1 page, 4to, White House stationery, slight water stain along portion of top right edge (away from text)." /> TRUMAN, Harry S. Typed letter signed ("Harry S. Truman"), as President, to John W. Snyder, Washington, 19 July 1950. <I>1 page, 4to, White House stationery, slight water stain along portion of top right edge (away from text)</I>.|
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    Sale 2272

    Fine Books & Manuscripts including Americana

    24 June 2009, New York, Rockefeller Plaza

  • Lot 114

    TRUMAN, Harry S. Typed letter signed ("Harry S. Truman"), as President, to John W. Snyder, Washington, 19 July 1950. 1 page, 4to, White House stationery, slight water stain along portion of top right edge (away from text).

    Price Realised  

    TRUMAN, Harry S. Typed letter signed ("Harry S. Truman"), as President, to John W. Snyder, Washington, 19 July 1950. 1 page, 4to, White House stationery, slight water stain along portion of top right edge (away from text).

    TRUMAN SHAKES UP HIS NATIONAL SECURITY TEAM FOUR WEEKS AFTER THE START OF THE KOREAN WAR in this letter marked "Personal and confidential" to Snyder. "I have been considering the steps which are now necessary to make the National Security Council of maximum value in advising me as to the major policies required in the interest of our national security as a result of the present international situation." Recent meetings of the N.S.C., Truman complains, have "been so large that I feel it has discouraged free discussion. I therefore direct that the Council meet regularly every Thursday with the Secretary of State presiding in my absence and additional attendance confined to the Secretary of the Treasury [Snyder], Mr. [Averill] Harriman, Mr. Souers," as well as the Chairman of the Joint Chiefs of Staff and the head of the C.I.A. "Participation by other officials will be only with my specific approval..."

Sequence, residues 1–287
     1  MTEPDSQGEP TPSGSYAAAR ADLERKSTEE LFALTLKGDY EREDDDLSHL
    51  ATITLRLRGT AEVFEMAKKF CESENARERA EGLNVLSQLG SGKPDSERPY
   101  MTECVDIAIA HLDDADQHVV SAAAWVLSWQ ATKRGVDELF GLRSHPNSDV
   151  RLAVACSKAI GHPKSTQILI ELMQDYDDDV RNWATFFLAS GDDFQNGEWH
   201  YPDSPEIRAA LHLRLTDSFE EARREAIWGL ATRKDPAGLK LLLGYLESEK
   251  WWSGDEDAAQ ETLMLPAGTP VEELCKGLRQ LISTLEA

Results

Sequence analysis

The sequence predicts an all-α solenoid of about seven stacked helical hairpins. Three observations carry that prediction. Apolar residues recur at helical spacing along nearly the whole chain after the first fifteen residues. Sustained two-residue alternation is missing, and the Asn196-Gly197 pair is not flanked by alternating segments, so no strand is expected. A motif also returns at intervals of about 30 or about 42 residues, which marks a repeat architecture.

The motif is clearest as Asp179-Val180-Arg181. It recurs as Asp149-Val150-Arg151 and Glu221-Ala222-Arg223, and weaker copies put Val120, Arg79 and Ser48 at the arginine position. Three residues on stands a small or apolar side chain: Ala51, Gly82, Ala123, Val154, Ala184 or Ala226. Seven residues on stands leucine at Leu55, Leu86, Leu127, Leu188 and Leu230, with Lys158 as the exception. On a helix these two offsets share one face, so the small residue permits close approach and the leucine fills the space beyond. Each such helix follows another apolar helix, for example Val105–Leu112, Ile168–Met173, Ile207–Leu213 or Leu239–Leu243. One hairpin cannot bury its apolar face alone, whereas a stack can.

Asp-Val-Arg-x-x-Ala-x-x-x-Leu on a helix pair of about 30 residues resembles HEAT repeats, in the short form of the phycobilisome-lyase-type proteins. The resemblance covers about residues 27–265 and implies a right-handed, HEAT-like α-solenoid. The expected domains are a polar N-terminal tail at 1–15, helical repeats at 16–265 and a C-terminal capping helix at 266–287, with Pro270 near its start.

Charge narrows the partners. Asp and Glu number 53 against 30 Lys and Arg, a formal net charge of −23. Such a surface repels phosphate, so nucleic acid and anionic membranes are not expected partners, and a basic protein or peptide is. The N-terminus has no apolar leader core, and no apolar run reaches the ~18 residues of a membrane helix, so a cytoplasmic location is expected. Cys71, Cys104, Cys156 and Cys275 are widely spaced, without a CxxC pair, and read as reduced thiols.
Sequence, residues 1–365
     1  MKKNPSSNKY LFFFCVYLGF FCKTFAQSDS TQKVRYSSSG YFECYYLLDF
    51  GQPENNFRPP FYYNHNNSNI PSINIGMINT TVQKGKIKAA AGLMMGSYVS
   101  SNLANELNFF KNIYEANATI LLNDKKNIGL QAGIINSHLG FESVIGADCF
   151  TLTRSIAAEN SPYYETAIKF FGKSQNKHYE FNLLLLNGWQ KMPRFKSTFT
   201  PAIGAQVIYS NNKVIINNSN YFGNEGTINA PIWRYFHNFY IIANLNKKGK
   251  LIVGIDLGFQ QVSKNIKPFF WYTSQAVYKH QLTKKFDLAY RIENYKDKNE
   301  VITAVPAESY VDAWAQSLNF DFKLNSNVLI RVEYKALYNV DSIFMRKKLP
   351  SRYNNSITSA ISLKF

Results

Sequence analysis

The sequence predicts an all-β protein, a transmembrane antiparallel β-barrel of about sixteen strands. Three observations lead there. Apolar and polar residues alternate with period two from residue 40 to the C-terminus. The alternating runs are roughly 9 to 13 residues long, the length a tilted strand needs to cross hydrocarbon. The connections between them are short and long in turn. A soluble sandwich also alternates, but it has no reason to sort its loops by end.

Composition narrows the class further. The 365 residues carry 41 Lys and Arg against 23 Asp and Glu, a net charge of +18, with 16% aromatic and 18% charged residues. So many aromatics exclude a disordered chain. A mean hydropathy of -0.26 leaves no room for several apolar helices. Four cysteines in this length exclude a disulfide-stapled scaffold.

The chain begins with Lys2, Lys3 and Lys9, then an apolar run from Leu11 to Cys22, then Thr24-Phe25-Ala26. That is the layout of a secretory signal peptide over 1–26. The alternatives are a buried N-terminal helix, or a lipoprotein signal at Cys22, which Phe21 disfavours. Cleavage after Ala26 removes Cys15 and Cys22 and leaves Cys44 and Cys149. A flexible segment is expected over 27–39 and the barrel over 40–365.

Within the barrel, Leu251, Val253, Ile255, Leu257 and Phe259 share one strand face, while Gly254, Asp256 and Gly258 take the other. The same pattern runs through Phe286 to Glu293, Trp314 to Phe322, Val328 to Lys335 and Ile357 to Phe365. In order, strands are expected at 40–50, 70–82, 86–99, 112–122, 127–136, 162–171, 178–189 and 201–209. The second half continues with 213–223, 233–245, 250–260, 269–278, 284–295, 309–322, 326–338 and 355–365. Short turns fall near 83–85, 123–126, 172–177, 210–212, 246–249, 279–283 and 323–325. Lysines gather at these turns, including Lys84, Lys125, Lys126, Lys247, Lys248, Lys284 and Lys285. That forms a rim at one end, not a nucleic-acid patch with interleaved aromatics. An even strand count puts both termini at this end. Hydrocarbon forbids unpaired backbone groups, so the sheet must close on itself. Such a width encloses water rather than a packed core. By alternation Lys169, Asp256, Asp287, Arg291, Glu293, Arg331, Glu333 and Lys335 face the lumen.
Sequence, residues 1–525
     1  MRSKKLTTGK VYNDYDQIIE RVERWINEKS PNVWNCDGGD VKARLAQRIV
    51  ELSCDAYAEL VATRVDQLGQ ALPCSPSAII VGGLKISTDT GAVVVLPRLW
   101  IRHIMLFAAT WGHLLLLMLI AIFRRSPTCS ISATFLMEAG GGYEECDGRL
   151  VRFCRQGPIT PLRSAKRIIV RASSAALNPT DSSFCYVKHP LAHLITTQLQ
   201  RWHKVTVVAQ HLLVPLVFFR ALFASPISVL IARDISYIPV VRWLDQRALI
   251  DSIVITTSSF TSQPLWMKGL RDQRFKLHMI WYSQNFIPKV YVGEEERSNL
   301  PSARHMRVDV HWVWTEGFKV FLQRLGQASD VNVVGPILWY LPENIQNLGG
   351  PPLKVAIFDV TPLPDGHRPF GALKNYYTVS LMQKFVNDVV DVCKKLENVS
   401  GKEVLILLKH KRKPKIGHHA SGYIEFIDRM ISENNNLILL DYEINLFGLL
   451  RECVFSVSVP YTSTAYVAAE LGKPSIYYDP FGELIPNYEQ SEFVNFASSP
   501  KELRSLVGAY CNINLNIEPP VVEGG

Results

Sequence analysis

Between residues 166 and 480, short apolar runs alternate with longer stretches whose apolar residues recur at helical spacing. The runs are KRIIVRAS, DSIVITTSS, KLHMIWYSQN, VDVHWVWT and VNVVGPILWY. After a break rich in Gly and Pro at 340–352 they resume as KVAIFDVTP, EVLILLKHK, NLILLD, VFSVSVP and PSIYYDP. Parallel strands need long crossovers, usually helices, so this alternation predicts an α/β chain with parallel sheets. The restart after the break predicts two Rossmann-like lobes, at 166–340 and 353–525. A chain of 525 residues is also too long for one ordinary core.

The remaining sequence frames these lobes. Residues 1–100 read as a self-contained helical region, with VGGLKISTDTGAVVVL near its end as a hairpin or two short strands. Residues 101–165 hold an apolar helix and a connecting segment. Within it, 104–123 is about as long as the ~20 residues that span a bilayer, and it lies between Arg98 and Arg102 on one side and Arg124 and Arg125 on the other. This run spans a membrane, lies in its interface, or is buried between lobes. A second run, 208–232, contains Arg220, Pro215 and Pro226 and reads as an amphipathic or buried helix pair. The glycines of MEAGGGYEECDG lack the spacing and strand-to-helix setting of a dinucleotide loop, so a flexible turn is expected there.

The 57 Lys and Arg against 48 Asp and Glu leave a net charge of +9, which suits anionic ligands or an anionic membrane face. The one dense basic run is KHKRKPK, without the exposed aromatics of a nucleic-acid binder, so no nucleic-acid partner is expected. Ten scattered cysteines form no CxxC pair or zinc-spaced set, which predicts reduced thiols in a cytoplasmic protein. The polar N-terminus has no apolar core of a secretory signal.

This letter marks a radical change in the way Truman handled foreign policy and national security matters. In his first five years as President, he paid very little attention to the N.S.C. But now, in 1950, with the country in full-scale war in Korea, and locked in a dangerous arms race with the Soviets, Truman wanted better coordination and control over his national security bureaucracy. And he made sure that his most trusted and respected advisors--Snyder, Averill Harriman and Secretary of State Dean Acheson--would play leading roles in running the N.S.C. and controlling the policy-making process.


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